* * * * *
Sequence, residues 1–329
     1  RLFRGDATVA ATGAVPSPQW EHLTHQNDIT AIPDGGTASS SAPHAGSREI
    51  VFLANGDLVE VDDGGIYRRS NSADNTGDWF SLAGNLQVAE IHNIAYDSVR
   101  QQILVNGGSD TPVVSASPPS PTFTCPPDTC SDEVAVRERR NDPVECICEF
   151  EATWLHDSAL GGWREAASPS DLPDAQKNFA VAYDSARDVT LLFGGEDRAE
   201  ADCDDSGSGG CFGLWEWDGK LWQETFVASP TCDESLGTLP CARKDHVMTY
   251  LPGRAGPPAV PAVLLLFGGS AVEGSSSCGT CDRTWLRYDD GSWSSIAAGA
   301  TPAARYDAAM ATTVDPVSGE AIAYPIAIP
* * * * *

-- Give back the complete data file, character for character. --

Sequence, residues 1–329
     1  RLFRGDATVA ATGAVPSPQW EHLTHQNDIT AIPDGGTASS SAPHAGSREI
    51  VFLANGDLVE VDDGGIYRRS NSADNTGDWF SLAGNLQVAE IHNIAYDSVR
   101  QQILVNGGSD TPVVSASPPS PTFTCPPDTC SDEVAVRERR NDPVECICEF
   151  EATWLHDSAL GGWREAASPS DLPDAQKNFA VAYDSARDVT LLFGGEDRAE
   201  ADCDDSGSGG CFGLWEWDGK LWQETFVASP TCDESLGTLP CARKDHVMTY
   251  LPGRAGPPAV PAVLLLFGGS AVEGSSSCGT CDRTWLRYDD GSWSSIAAGA
   301  TPAARYDAAM ATTVDPVSGE AIAYPIAIP